This March, the FASS Environment Research Cluster was pleased to welcome Dr Giuliano Locosselli from the Institute of Biosciences, University of Sao Paulo.
Dr Locosselli studies the impact of environmental change on the development of trees growing in the natural environment. Most of this research use tree rings as a means to evaluate the development of trees in high temporal resolution. Recently, Dr Locosselli began applying tree ring analysis to the complex urban environment. It uses both tree rings and tree bark as biomonitoring tools to reconstruct the spatial/temporal variation in environmental pollution in cities and its effects on citizens’ health. He has applied these approaches in São Paulo, Brazil, and in Lyon, France.
During his short stay in Singapore, Dr Locosselli collected tree ring samples around the NUS Kent Ridge Campus. The samples will be sent for further laboratory analysis to extract data on the pollutants found in the trees here. This preliminary study will help to determine the suitability of trees and tree species in Singapore as biomonitoring indicators. If successful, Singapore may be able to use trees to complement existing studies on lake sediment cores in environmental research.
Dr Locosselli also conducted a workshop titled ‘Principles of Biomonitoring Studies in Cities’, and a seminar titled ‘Trees as Archives of Environmental Quality’ for the Environment Research Cluster. Their abstracts can be found below.
Biomonitoring studies allow one to estimate the levels of environmental pollutants when instrumental data are limited or unavailable. The approach is based on organisms that are actively introduced to the study site or on organisms that are already found in such sites. The latter passive biomonitors include urban trees. Urban trees are key biomonitoring tools that provide information about the spatial and temporal variability of environmental pollutants, including Pb, Al, Zn, Ni, and other metals. The chemical composition of tree bark and tree rings can be analyzed using different methods. X-ray fluorescence (XRF) is one of the methods used for the analysis of the chemical composition of tree bark. Laser ablation coupled with the ICP-MS is a method well-suited for tree-ring studies.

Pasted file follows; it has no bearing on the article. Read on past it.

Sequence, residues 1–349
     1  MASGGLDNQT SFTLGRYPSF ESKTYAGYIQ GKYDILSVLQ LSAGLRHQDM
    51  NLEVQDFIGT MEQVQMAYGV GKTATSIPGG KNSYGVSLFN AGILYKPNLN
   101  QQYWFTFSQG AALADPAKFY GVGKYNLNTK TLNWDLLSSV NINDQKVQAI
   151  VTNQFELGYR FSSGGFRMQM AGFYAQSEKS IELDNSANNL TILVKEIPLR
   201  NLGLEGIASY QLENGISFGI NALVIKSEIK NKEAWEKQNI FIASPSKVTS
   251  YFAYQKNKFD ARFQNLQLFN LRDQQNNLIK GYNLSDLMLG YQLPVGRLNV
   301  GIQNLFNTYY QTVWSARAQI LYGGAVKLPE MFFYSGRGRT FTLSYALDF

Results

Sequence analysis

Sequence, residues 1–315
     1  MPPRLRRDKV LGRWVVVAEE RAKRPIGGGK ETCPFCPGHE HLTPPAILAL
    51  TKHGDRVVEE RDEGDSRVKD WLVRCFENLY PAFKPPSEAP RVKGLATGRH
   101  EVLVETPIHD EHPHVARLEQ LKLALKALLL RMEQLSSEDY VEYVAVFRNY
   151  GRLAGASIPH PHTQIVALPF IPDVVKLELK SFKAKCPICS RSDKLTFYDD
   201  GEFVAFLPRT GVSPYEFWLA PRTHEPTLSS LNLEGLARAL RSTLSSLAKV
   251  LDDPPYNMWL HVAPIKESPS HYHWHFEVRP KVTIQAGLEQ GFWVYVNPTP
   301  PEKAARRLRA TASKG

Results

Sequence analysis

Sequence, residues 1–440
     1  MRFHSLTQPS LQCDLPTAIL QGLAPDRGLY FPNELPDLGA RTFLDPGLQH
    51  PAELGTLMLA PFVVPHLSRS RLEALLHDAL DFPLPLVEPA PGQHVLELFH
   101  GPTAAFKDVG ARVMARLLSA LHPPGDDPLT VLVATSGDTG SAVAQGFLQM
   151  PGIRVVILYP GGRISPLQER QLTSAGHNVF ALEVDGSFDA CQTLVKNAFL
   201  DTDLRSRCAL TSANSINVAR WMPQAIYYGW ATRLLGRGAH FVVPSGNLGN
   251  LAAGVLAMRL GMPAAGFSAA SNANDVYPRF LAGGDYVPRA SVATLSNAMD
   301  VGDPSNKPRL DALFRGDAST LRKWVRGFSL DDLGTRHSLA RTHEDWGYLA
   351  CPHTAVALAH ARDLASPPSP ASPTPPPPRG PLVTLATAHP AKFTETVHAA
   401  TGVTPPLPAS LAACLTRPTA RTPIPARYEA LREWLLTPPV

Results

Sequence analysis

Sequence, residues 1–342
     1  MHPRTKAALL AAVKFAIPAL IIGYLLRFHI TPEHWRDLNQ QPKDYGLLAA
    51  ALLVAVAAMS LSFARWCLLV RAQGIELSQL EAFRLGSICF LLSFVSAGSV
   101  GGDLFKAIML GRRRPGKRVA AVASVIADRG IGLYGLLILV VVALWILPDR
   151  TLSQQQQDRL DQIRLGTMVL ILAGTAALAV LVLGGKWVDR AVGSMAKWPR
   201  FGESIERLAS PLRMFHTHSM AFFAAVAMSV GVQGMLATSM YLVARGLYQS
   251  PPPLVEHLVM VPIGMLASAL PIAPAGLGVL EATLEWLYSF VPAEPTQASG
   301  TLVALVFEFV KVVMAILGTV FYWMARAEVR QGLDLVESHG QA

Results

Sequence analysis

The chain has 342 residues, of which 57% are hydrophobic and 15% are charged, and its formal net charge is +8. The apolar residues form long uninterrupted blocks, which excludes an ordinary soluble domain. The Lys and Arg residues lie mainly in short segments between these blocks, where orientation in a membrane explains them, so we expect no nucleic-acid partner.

In this class, we will go through key principles behind both analyses, including sample preparation, measurement and analysis. We will discuss the advantages and disadvantages of these approaches.
Air pollution is a growing concern in cities worldwide, causing 4.2 million premature deaths each year. The risk associated with air pollutants, however, is not always clear because long records of air pollution are missing for most cities, and many classes of contaminants such as airborne metals are not routinely monitored. Where present, data from air quality stations may not reflect the full extent of spatial variation in pollution, due to the intrinsic complexity of the urban landscape. Biomonitoring studies can help fill gaps in instrumental data to provide long-run archives of environmental quality with high spatial resolution. Trees are key passive biomonitoring tools found in cities around the world. Dendrochemical analysis of urban trees can reconstruct the temporal variation in environmental pollution. The chemical composition of the tree rings can inform how pollution varied through time, as well as within and across cities. The approach uses recent laser ablation technology coupled with mass spectrometry, assessing the chemical composition of wood at the cellular level and increasing the approach’s precision and reliability. Dendrochemical studies are combined with the analysis of the chemical composition of tree bark in order to evaluate the spatial variability of pollutants. Different chemical elements found in ambient air are passively adsorbed to the porous surface of tree bark. Air quality can be monitored using both approaches, helping policymakers improve public health and well-being in cities.